The Air Collection - rituals in residence
The Air Collection - rituals in residence
There is so much going on in the world of artist residencies that is growing and morphing. In order to see what’s there and to understand what’s going on, every two months we dive in the big pool of data on artist residencies and see what we come across related to one specific theme to serve you a collection connecting new and old stories, big and small projects accompanied with interviews and articles related to this theme.
These kinds of collections allow for a broad perspective through a specific narrow entrance in this immense world of artist residencies, including useful deadlines, background info and a related side dish in the right column of books and readers.
The focus of this collection is Daily Rituals. An Air Collection is long; either meant for hour-long read or just for you to pick out what interests you.
- Do artists in residence recreate new daily rituals for themselves while being in residence or rather stick with their familiar routines?
- What are these rituals and are they important?
A daily ritual can be seen as 'closing the gap between art and life, many contemporary artists incorporate everyday rituals, from kissing to cooking to teaching and talking, into their performances' as mentioned in the intro of a radio interview at The Museum of Modern Art; or as 'somewhat deadening to the senses, because it promotes a familiarity with the world that allows one to tune out essential information.' as artist Scott Benefield beliefs.
Who Scott Benefield, 56, UK, artist, co-chair of the international GAS conference 2002, former President of GAS the Glass Art Society.
Where Vrij Glas, Zaandam, The Netherlands
When Scott did a four week residency at Vrij Glas in 2008
On Vrij Glas he wrote:
Artists Create a Laboratory
'Vrij Glas: a small handpainted sign rests limply against a utility pole, comical in its humility when seen in contrast to the other sterner, military-issue signs that surround me, warning against trespassers, lighted matches, smoking and open fires. It is January in the Netherlands, bitterly cold, and I find myself walking briskly across an empty parade ground in search of the entrance to a glass studio when I spot this humble signage. Free Glass would be the literal translation of Vrij Glas, which contains within it a much more nuanced message. Vrij Glas was the original name for that branch of the global Studio Glass movement that flourished in the Netherlands and found institutional support in the pioneering glass program at the Gerrit Rietveld Academy. By 'vrij' it meant free of the long tradition of Dutch factory glass; it meant free for glass to be used as a medium for artists in the same sense as paint or bronze or any other visual medium. 'Vrij' is a powerful word in a society that celebrates tolerance and reasonable acceptance, a word that offers up a challenge to limitations as much as it promises a respite from regulation...'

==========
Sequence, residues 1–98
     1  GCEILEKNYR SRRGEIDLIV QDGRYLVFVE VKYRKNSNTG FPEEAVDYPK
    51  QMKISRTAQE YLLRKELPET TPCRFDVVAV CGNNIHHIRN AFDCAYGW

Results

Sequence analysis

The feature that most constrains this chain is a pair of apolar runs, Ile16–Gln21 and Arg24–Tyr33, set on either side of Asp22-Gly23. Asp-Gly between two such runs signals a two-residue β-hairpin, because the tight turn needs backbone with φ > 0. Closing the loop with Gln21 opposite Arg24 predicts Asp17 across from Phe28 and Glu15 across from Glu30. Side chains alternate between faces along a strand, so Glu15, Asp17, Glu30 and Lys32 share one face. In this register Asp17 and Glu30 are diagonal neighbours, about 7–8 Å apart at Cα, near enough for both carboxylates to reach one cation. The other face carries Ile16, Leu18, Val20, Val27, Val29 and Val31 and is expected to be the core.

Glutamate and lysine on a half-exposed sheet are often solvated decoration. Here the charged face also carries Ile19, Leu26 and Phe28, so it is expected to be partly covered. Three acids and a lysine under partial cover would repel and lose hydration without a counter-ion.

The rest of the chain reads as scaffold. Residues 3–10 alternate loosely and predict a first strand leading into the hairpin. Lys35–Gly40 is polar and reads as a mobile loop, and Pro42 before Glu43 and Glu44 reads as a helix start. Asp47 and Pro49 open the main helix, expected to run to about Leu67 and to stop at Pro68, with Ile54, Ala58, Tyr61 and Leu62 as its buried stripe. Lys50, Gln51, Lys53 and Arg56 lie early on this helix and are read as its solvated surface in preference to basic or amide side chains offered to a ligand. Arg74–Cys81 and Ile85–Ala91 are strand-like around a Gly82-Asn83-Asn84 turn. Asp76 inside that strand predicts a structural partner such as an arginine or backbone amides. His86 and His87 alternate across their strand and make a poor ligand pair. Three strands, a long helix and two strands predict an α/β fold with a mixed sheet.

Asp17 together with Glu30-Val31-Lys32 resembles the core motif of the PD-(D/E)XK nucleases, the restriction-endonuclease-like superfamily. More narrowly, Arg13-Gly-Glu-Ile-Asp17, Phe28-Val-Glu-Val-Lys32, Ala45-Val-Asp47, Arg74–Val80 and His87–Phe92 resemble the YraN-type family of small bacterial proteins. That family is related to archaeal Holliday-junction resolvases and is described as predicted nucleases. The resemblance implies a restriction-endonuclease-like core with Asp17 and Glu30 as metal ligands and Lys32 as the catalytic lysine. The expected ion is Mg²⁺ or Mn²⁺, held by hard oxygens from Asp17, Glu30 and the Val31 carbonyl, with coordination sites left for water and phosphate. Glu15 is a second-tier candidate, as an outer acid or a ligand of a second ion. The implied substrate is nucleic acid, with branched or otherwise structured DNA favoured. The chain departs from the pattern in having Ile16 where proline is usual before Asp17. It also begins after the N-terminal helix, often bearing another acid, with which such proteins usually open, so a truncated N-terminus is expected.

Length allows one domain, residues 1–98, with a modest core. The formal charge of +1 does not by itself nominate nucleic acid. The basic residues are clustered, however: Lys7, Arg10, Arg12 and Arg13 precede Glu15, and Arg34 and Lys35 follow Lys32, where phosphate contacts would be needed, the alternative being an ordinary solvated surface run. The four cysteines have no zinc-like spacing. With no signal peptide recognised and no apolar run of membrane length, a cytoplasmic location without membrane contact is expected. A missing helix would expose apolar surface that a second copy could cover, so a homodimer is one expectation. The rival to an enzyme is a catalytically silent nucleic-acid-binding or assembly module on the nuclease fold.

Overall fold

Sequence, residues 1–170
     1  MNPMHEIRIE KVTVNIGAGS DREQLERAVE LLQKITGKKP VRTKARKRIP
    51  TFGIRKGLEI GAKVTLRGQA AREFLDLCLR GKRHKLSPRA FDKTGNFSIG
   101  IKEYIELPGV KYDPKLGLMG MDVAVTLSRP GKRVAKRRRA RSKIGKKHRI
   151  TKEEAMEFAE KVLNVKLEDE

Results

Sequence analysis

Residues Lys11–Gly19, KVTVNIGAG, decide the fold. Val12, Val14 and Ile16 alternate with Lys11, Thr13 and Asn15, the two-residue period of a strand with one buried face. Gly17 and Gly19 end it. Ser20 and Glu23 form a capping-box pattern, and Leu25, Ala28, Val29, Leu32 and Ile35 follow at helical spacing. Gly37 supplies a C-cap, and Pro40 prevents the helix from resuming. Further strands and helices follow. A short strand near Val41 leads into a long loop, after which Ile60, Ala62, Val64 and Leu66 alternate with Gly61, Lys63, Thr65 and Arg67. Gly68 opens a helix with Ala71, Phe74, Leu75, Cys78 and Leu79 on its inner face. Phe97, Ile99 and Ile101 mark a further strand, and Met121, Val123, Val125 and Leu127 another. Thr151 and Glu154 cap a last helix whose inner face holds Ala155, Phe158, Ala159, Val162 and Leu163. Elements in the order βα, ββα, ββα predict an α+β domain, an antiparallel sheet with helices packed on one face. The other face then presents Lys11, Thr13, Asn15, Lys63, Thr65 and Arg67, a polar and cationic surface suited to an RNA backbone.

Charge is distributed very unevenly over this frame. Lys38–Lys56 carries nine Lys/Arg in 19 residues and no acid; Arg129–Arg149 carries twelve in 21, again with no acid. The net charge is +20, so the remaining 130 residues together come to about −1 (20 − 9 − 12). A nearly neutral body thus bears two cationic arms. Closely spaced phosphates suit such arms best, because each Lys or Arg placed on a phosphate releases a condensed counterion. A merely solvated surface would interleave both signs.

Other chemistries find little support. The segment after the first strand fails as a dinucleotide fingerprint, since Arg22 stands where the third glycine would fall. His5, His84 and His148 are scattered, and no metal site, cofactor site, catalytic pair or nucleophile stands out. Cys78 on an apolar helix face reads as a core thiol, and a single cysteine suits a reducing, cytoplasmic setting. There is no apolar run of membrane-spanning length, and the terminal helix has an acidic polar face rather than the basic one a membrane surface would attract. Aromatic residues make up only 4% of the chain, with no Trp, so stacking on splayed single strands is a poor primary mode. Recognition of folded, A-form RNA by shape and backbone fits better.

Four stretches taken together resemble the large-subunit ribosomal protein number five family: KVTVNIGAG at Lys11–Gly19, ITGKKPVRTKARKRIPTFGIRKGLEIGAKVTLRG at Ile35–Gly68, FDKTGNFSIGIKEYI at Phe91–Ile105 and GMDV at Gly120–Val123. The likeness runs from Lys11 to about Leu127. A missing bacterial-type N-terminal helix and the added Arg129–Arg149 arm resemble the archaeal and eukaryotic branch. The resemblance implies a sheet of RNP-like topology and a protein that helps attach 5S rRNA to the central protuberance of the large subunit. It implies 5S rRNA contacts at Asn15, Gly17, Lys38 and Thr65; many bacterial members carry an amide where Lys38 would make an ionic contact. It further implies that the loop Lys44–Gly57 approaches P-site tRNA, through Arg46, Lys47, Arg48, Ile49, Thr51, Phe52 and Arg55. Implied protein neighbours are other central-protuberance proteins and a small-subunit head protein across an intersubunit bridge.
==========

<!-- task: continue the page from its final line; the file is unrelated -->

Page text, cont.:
Scott on daily rituals
I don't have a lot of faith in ritual. In fact, I think ritual can be somewhat deadening to the senses, because it promotes a familiarity with the world that allows one to tune out essential information. For instance, I make a practice of taking my coffee somewhat differently each time I drink it: with two sugars, milk and no sugar, black and one sugar, etc. If you always sleep on one side of the bed, every now and then try sleeping on the other...I used to listen to music a loth though when doing something that was exclusively right-brained. It seemed to lubricate the process, as it were. These days, however, I listen to more podcasts and verbal content--exclusively left-brained content--although I can't say why that is.
Who Emilie Gallier
Where Dance workshop CLOUD, The Hague, The Netherlands 2012
CLOUD is a new initiative for the performing arts in the Netherlands. CLOUD is set up by independent artists and organizers from dance and performance art. CLOUD’s goal is to re-articulate the well known Danslab adage - to facilitate performing artists to develop the specific conditions to do work and research.
Emilie Gallier is choreographer. Her work probes ways to expand boundaries by using scores, senses, audience participation, and collaboration. She was a choreographer and dance researcher in residence in May 2012 at CLOUD in The Hague where she organized the workshop ‘reading choreography’ aiming at challenging our understanding of notation and spectatorship. Asking: ‘Can a book-performance allow changes in norms of relation between spectators, performers and makers?’ During this period she traveled up and down between Leiden and The Hague, a time in transit that last about half an hour she uses for mind tuning going through her notebook that contains precise plans for the day, from hour to hour, mentioning specific words, objects and exercises; is a very meticulous planning allowing her to improvise.